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Chloroquine (CQ) has been used for malaria treatment in Haiti for several decades, but reports of CQ resistance are scarce. The efficacy of CQ in patients with uncomplicated Plasmodium falciparum undergoing treatment in Haiti was evaluated. Malaria patients were enrolled, treated with CQ, and monitored over a 42-day period. The treatment outcomes were evaluated on day 28 by microscopy. The P. falciparum slide-confirmed rate was 9.5% (121 of 1,277). Malaria infection was seasonal, with peak observations between October and January; 88% (107 of 121) of patients consented to participate. Sixty patients successfully completed the 42-day follow-up, whereas 47 patients withdrew consent or were lost to follow-up. The mean parasite density declined rapidly within the first few days after treatment. Seven patients did not clear their malaria infections and were clinically asymptomatic; therefore, they were considered late parasitological failures. About 90% (95% confidence interval = 84.20–97.90) of patients had no detectable parasitemia by day 28 and remained malaria-free to day 42. Testing for recrudescence, reinfection, and CQ serum levels was not done in the seven patients, and therefore, their CQ resistance status is unresolved. CQ resistance surveillance by patient follow-up, in vitro drug sensitivity studies, and molecular markers is urgently needed in Haiti.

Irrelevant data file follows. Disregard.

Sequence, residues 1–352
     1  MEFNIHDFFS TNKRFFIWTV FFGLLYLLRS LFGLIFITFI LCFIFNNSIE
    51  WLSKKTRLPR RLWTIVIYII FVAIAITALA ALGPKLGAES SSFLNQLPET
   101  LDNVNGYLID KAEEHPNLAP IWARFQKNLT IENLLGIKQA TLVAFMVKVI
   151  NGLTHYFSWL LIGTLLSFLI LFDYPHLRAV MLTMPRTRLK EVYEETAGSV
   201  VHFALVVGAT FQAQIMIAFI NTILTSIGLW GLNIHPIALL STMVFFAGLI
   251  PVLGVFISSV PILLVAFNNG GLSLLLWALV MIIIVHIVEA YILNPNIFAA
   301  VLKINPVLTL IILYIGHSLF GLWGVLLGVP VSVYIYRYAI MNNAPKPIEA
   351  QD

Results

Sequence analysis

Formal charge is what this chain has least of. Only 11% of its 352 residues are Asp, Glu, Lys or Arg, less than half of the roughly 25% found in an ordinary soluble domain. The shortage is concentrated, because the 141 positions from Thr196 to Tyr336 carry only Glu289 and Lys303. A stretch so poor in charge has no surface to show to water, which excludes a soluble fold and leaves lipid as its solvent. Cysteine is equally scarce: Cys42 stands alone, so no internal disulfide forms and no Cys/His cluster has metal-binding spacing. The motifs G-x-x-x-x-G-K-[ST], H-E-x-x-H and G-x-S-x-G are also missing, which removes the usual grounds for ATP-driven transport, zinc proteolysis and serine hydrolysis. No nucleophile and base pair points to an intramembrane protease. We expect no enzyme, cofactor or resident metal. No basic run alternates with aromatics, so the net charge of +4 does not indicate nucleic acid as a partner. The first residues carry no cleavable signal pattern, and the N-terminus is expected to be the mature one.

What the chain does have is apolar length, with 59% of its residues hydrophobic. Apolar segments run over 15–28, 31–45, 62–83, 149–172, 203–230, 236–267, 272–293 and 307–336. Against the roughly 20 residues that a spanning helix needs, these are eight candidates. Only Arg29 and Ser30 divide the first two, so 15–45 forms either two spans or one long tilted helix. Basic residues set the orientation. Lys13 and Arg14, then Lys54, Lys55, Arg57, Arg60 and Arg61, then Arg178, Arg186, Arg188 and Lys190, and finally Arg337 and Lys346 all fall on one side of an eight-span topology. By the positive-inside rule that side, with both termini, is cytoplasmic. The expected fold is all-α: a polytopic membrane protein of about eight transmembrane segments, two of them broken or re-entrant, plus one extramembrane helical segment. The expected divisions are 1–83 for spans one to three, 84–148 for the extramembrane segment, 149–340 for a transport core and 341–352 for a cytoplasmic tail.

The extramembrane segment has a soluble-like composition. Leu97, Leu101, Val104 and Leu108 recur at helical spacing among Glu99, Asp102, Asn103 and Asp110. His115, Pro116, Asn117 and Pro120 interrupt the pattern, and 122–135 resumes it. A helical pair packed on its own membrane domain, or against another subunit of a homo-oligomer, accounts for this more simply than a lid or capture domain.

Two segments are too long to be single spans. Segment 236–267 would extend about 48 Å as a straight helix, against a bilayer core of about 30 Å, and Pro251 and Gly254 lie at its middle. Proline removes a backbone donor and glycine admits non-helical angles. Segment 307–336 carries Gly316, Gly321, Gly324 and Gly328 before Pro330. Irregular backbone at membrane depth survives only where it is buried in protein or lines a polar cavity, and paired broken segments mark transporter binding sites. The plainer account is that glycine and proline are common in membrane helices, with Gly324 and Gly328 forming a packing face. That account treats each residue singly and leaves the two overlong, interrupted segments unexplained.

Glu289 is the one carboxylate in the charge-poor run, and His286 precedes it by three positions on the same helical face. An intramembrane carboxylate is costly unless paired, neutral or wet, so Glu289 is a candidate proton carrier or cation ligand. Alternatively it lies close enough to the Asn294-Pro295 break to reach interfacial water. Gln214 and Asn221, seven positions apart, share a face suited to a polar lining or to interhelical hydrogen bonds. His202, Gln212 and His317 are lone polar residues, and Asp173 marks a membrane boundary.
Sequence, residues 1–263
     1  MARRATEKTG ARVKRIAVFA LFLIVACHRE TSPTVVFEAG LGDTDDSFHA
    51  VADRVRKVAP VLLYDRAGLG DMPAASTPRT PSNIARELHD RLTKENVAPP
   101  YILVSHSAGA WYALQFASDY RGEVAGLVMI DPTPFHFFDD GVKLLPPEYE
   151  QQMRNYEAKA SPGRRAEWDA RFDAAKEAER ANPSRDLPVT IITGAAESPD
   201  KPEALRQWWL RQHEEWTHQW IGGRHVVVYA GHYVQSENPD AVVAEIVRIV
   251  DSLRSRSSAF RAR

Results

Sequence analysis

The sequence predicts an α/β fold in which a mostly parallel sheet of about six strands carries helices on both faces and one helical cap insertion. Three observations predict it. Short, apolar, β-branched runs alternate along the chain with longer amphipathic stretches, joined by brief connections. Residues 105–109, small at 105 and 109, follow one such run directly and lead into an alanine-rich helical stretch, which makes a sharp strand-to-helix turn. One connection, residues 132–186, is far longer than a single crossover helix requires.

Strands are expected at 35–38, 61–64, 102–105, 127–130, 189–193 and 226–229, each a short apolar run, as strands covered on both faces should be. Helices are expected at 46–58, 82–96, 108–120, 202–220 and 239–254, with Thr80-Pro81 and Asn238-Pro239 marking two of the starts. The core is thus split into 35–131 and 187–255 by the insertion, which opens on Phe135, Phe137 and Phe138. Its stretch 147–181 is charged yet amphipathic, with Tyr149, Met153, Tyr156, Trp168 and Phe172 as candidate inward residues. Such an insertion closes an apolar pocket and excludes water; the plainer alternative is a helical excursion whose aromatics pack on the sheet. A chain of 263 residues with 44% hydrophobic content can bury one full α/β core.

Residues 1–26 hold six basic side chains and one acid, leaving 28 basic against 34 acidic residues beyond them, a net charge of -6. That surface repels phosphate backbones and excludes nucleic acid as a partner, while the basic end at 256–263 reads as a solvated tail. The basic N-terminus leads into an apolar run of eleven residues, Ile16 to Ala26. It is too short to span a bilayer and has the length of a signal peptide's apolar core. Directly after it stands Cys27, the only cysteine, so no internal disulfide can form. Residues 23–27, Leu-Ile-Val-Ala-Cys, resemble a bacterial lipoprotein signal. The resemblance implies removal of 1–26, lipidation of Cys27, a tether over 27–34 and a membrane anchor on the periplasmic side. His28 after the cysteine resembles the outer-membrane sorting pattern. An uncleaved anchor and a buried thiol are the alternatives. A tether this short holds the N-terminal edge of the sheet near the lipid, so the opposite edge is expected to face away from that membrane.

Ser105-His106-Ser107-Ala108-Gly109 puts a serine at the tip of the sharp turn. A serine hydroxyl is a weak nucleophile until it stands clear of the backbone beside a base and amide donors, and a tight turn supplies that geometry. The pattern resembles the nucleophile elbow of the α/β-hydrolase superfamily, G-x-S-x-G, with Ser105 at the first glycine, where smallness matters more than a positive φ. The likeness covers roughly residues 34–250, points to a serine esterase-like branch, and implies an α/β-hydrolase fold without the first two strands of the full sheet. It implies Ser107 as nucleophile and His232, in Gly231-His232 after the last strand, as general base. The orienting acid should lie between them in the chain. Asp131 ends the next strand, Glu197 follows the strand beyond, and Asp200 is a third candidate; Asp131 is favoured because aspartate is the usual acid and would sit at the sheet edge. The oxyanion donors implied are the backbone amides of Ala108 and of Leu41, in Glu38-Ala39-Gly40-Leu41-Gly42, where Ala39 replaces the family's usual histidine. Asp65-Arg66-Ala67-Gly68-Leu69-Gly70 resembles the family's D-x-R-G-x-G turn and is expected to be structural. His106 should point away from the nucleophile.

Financial support: This material is based on work supported by Department of Defense Global Emerging Infections Surveillance and Response System Grant C0607_12_UN (to B.A.O.).
Authors' addresses: Bernard A. Okech, Department of Environmental and Global Health, University of Florida, Gainesville, FL, E-mail: firstname.lastname@example.org. Alexandre Existe, National Public Health Laboratory, Ministry of Health and Population, Port-au-Prince, Haiti, E-mail: Alexandre.email@example.com. Jean R. Romain and Gladys Memnon, Hospital Saint Croix, Leogane, Haiti, E-mails: firstname.lastname@example.org and email@example.com. Yves Saint Victor, Blanchard Clinic, Terre Noire, Haiti, E-mail: firstname.lastname@example.org. Madsen Beau de Rochars, Department of Health Services Research, Management and Policy, University of Florida, Gainesville, FL, E-mail: email@example.com. Mark Fukuda, Division of Global Emerging Infections Surveillance, Armed Forces Health Sciences Surveillance Center, Silver Spring, MD, E-mail: firstname.lastname@example.org.